13. Ever since video games were first introduced to the masses well over one hundred years ago, the people working behind the scenes on them have been tasked with a never ending mission to make those games even more amazing than anyone ever thought possible. And so far, they've done a pretty great job at that. But the people behind the scenes of the behind the scenes people? They seem to hate you but love your money, and will stop at nothing to take it from you. With that in mind, let's take a look at some games released in the last decade that could end up costing you a fortune in the event that you wanted to own the full game for some reason. But who really wants that? Team Fortress 2 Surely this will protect me from snipers. In development for nearly a decade, Team Fortress 2 finally saw it's release in 2007 with it's inclusion in Valve's Orange Box bundle. The game saw a constant stream of updates over the years that added new weapons, levels, the ability to craft items and most importantly, hats. While normal players are able to craft most hats with enough time and effort, there are special hats known as Unusuals. The only way to get an unusual is to pay actual money to get a key which is then used to open a randomly dropped box to have an extremely slim chance at getting one. These unusual hats are identical to normal hats, except for the fact that they're given one random visual effect. These can range from smiley faces to flames shooting from your character's head. Some of these effects are rarer than others and make them even more desired. Why is all of this so important? Well, Valve released a store where you can use real money to buy these unusual hats from other people instead of going through hundreds of keys looking for your own random drop. These hats can range in price from about fifty dollars up to a few thousand each. If you wanted to own every single hat in the game, you could either drop the cost of a house on the virtual market, or gamble it all on keys that cost $2 a piece and just hope you get them before you run out of money. Dead or Alive 5 Hey, I'm not happy about this either. Now, I've got no problem with fan service. If you want your character running around in a bikini or loincloth, then so be it. But there comes a point where people start to realize that you're really milking it, and that can't be more obvious than with the game Dead or Alive 5. In the old times before downloadable content you would have more than twenty costumes waiting on the disc for the playable characters. Of course, that wasn't always the case, but the fact is that they came included with no strings attached. With Dead or Alive 5, this changed drastically. The average character had about seven costumes in the newest release of the series which was understandable due to the new engine being used and all of the assets being remade. But then came the DLC costumes. Just around $115 worth the first time around. Including the cost of the game, that is $175 altogether. Then Team Ninja went and released Dead or Alive 5 Ultimate. The same game with added costumes and game balancing tweaks. Instead of making this an addon or DLC pack in itself, it was considered a totally new game. So if you bought that $60 version, you officially no longer mattered. To get access to the rest of the game, you now needed to spend an extra $40 for stuff you already bought with a few extras thrown in. Then began the second round of DLC costumes. It is difficult to add up just how much these new ones cost because of different bundles containing the same costumes multiple times and as of yet unreleased DLC, but the number is already over $250. That is after buying what was supposed to be the ultimate version of the game that included everything! NOTE: These prices were obtained by going through the PlayStation 3's digital store and adding the cost together manually. Dungeon Keeper EA still thinks this is something to strive for. Back in the 90's, Bullfrog was a niche studio that pumped out some of the best city management games ever created. Theme Hospital, Startopia, and of course, Dungeon Keeper. Electronic Arts saw this company of plucky do-gooders and promptly destroyed them for no reason at all. Thanks a lot for ruining everything as always, EA. But there was a glimmer in this story of death and destruction. Dungeon Keeper actually got it's long awaited sequel in Dungeon Keeper 2! Only, it was on iOS devices and terrible in every single conceivable way. Garnering an impressive zero out of a possible ten on it's review, I've never seen a fanbase react so poorly to a game before, not even a truly awful game like Big Rigs is as hated as the new Dungeon Keeper, and for good reason. At least Big Rigs understood it was one of the worst games ever and embraced it's fate. EA is just covering it's ears and ignoring everyone's criticisms. And what criticisms are those? Once again micro-transactions rears its ugly head. In an effort to squeeze every bit of dollar out of players, it takes actual real life hours for you to complete even the most simple task, and the only way around this time barrier is to spend gems. Gems of course cost real money, and the cost of about 100 actions is $60. Don't want to spend $60 for an hour or two of gameplay? Then just the act of clearing out eight blocks will take you as long as 48 hours. That is before you even start building the room. Do yourself a favor and just buy the original Dungeon Keeper games. They're less than $12 combined and hours of fun. The Sim 3 Sims 2 Pets? Sims 3 Pets?! Its the same thing! I invented the piano key necktie! I invented it! Have you ever wanted complete control over someone else's life, but didn't want to have to deal with all that stalking and law breaking stuff? Well then, The Sims series is absolutely for you. In the span of a few hours you can raise an entire family and then laugh as you lock one of your eighteen sons in a windowless room so Death can't take him from you. Or you can go to college, there's that too. At least if you're willing to pay, that is. The Sims series has been no stranger to add-ons and expansions. Going all the way back to the year 2000, the original Sims saw seven expansion packs before The Sims 2 released. The Sims 2 was then followed by eight expansions. The Sims 3, however, has seen a whopping eleven expansion packs so far, and it is currently unknown if it will get more before The Sims 4 releases with it's own series of expansions that will end up being nearly identical to the expansions released for the last Sims game. Now, just how much do all these expansions end up costing the average gamer? Try an amazing total of $370. All money spent to watch your fake family go to new towns and do new things. Money that could have easily been spent doing new and cool things with your real family. Of course I'm not one to judge, seeing as I have most of those expansions myself... but you get the point. It is a lot to spend on just making your ants happy. Rock Band A fake guitar made to look like another fake guitar. If you have a closet filled with tiny plastic instruments, then you probably know about the music game fad that hit in the mid 2000's with games like Guitar Hero and, of course, Rock Band. While you probably hung up your guitar years ago, the genre is still going strong and new DLC was released on a weekly basis for the games up until a short while ago. Remember, I said that this fad started in the mid 2000's. That's a lot of weeks passing by with new songs coming out. Just how many songs can you buy?! While the Rock Band series has stopped releasing DLC, they left behind a list of DLC that numbers in the thousands. And with each song averaging a price of $2 each you can see why this is going to get expensive, very very quickly. Of course, you also have to buy the instruments that come with each iteration of the game and pay a fee to get the songs you already bought for the previous game into the new one so the price you have to pay is rising all the time. Thankfully, you don't have to buy all these songs, but if you want the full Rock Band experience, be ready to shell out close to three thousand dollars on songs alone. At that point I'd suggest just buying a real guitar and getting lessons. EVE Online We're all having so much fun! Let's raise the stakes, shall we? EVE Online is a massively multiplayer online game that puts you in the seat of your very own ship to do whatever you want to do in the galaxy. What this means is that you'll be mining a whole lot and hoping that pirates don't wipe you off the Galactic map because, of course, there are pirates. It's space we're talking about here. The special thing about EVE Online, however, is the fact that it has a real money system. The profits you make in the game can be converted to real world funds and vice versa, though the exchange rate of in-game funds is obviously far less than USD worth. But if you do well enough in the game, you can actually make yourself wealthy in the real world as well. While that sounds great, it also means that things in the game can have real world prices as well. Say, a heavily guarded ship filled with supplies could be worth more than fifteen thousand dollars. If it gets blown up, that is $15,000 down the drain with no way of getting it back. Things like this happen a lot in the game of EVE Online, and just recently a very large war broke out. The game's stock market momentarily nose dived as two factions fought it out in the cold dark reaches of space. At the moment, their battle has cost the two sides the insanely high sum of nearly $300,000 in real money. This is due to all of the supplies and ships being sent out to battle. Each ship has a real cost, and the most powerful can get into the tens of thousands of dollars. When one of those goes, its a big deal. And quite a few have been lost already. There is no other game in existence that can boast that wars actually have an impact on the userbase in the same way that EVE does, and that is why it is so fantastic. Do you want to become an intergalactic spice baron? Then be prepared to shell out hundreds of thousands of dollars. I'm sure it'll be worth it. As always, thanks for reading.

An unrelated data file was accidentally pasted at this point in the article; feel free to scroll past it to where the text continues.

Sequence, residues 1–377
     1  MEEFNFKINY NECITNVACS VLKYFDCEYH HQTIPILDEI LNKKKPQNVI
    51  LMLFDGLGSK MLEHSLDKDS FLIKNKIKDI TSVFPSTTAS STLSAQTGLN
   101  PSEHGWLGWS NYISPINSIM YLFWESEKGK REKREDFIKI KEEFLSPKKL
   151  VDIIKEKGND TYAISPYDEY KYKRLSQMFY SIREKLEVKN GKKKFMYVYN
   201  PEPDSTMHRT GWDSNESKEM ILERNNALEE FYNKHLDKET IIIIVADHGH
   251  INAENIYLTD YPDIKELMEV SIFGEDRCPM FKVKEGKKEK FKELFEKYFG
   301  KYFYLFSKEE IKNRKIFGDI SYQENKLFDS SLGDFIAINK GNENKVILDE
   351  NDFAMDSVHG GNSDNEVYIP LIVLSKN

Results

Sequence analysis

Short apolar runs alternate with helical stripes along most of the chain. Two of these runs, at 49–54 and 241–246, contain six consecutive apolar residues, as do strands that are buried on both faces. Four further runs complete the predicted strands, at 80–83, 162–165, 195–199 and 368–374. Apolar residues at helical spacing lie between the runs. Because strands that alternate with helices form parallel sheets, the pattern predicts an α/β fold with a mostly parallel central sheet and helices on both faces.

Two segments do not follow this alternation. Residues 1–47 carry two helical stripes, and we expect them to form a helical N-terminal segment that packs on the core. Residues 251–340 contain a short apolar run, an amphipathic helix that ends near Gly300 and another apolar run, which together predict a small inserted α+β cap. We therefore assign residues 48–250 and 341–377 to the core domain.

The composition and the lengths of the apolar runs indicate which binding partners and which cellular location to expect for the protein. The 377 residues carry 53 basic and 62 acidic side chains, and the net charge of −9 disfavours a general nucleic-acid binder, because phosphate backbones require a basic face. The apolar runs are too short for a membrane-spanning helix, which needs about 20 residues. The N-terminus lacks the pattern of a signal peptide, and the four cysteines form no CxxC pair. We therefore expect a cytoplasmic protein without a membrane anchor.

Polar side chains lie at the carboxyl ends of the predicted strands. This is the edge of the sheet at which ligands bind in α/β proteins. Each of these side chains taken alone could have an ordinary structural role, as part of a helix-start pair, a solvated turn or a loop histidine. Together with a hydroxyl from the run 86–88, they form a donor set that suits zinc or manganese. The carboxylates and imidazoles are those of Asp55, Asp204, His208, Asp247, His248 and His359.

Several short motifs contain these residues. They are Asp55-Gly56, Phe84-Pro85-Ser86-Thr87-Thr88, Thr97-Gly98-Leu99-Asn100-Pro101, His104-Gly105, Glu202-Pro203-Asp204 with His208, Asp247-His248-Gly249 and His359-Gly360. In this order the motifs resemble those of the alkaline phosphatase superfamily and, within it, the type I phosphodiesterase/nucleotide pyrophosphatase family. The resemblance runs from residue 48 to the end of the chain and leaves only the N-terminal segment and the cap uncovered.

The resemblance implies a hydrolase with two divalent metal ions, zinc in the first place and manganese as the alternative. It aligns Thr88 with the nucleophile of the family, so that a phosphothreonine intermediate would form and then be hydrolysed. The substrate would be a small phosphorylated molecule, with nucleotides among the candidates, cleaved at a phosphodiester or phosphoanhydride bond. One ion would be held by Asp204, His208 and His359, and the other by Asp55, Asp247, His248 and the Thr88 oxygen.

14. Aaaaaand the other thing I saw that excited me incredibly was the reveal of this game. This means we potentially have up to 3 Resident Evil games launching in 2015. Resident Evil REmake HD, Resident Evil 7 (confirmed to have been in the works since October of 2012,) and now this. Again, like the Persona 5 announcement trailer, let's discuss. I wanted to make a few separate threads for these just because when you have one big news post it can tend to get a little cluttered in terms of comments. I know it's literally just a concept trailer that shows nothing except that the game exists, but I'm happy it does. Revelations was a step back in the right direction in terms of Resident Evil. While it may not have been perfect, and I actually would have preferred it as Co-Op, it definitely impressed me. How about you guys? Thoughts, concerns, comments?